What if you were in the middle of something really important and I demanded that you stop right this instance and do something for me? You would look at me like I was crazy, right? How would it make you feel if I didn’t let up, and kept nagging you to stop right now and do what I needed? You might start to feel your blood boil and your muscles start to tense up. Lucky for you, that doesn’t happen too often to you as an adult, but it does happen to your kids all day long.
Transitions (the change between two activities) can be extremely emotional and frustrating for children, typically resulting in ugly behavior, tantrums and arguments. What if I told you that you can add a few simple steps to your day to help kids handle transitions like a boss and end these battles once and for all?
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Why are Transitions So Hard for Kids?
Think back to the last time you needed to get a few things done around your house, or better yet, think about your typical day at work or home. Could you make it through that day if I took away your phone, your calendar, and a notebook to jot your lists down on? Would you be able to survive if I took away your visual tools to help you organize your day and reminders to complete your projects? Probably not.
How would you feel if you showed up to work one day and your boss came to you unexpectedly and told you that it was time to leave and go across town to work at a new office. Or what if as soon as you started your project, she turned off your computer and told you to read a new article. You might actually lose your mind if this happened over and over again all day long, every day.
Yet, we do this with our children all the time. Turn off the tv, get ready for dinner, clean up the playroom or get ready for school are common requests we give our children without thinking much about it. When we are met with tantrums, meltdowns, talk back or defiance, we are usually confused and take it personally. When in fact, our children simply need a little help with transitioning through these changes.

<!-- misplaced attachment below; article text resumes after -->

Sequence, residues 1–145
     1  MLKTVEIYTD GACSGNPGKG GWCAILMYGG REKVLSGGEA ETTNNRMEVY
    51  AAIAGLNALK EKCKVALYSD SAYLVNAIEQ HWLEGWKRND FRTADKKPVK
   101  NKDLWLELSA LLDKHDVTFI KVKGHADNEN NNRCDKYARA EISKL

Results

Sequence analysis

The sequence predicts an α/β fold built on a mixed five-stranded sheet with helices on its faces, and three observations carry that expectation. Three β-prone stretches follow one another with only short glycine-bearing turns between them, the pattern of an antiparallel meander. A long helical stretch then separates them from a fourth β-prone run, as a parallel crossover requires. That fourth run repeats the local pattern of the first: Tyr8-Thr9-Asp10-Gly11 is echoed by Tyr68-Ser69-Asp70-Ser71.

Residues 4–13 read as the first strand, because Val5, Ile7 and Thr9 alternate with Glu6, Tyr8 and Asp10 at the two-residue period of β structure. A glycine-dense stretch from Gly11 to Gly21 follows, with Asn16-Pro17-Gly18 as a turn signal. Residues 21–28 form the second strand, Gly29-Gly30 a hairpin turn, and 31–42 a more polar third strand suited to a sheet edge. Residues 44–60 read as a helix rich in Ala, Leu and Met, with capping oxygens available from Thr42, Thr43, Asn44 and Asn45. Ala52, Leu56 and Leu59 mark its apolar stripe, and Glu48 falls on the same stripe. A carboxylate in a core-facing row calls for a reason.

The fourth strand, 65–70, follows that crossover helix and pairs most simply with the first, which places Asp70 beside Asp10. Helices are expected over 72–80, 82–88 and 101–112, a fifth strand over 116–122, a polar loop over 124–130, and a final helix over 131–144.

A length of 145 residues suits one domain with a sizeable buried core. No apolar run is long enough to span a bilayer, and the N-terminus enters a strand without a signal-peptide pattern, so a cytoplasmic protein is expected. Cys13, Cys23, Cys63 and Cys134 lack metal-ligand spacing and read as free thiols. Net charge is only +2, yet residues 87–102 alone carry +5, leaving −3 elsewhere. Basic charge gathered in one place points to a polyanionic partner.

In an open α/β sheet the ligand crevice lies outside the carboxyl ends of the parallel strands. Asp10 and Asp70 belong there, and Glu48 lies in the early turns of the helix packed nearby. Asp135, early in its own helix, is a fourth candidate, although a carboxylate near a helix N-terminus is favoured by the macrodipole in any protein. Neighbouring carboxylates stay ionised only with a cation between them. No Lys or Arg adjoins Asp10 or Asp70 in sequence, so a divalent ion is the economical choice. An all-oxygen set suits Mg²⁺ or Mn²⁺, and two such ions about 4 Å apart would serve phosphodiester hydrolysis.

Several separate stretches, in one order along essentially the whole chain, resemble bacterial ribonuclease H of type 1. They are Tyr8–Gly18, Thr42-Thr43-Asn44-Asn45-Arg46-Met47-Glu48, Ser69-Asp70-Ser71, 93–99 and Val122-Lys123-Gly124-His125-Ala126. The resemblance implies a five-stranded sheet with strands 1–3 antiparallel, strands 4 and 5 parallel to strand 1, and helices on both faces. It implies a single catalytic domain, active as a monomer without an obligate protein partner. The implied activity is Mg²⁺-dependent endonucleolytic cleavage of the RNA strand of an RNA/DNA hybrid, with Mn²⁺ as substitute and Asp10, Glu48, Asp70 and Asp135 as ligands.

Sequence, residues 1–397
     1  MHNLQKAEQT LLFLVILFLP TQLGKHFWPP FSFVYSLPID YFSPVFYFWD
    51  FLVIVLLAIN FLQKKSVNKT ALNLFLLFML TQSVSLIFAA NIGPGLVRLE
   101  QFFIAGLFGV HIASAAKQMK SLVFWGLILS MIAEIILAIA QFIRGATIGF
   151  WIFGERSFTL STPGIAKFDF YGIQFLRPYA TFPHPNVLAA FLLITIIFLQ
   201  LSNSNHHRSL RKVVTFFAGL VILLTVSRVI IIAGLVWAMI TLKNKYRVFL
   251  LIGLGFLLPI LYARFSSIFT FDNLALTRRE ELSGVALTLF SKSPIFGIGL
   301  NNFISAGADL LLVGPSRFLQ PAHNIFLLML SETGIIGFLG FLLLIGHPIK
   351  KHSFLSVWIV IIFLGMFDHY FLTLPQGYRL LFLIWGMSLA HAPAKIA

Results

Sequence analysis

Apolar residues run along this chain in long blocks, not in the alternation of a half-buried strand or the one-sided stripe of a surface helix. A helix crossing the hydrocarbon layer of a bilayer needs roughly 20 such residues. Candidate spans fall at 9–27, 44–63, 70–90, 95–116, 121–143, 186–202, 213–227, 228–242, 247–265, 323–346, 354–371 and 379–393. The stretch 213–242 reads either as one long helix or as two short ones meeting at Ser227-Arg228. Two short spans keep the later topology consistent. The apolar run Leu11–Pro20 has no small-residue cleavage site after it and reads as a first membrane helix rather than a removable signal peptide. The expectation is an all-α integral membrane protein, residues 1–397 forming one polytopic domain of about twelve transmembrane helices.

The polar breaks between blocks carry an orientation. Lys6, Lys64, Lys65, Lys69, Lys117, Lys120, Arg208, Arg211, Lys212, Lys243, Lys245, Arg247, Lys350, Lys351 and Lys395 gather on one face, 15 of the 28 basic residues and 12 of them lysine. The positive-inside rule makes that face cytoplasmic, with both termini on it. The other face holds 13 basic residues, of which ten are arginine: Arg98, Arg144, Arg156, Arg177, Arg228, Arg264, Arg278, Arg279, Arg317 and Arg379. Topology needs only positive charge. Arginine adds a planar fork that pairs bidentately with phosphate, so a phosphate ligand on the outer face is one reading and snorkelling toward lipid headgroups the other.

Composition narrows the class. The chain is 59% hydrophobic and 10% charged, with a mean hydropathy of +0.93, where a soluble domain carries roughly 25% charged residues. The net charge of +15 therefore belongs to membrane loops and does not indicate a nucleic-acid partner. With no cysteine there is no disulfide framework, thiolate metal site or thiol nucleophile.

So, what is the answer? How can we help our kids and give them the same courtesies we would like as adults?
Sure-fire Tips to Help Kids Handle Transitions Like a Boss
The good news is that there is hope for all of us and simple changes we can make today to help our kids (and us) handle these changes in our schedule and these simple daily requests.
Create a Specific Routine
I cannot stress the importance of a regular routine for your child enough. Think about how much more in control you feel when your work week is the same and predictable. You know that Monday through Friday, you will get up, get the kids ready for school, take the kids to school, go to work, pick up the kids from school, make dinner, help with homework, clean the house and get the kids ready for bed. Your days are pretty routine and similar. This structure helps you manage the chaos that is really happening behind each of those steps.
Children need this repetition just as badly as we need it as adults. By setting a structured schedule and routine in place for your family, your children can begin to know what to expect and predict will happen day to day.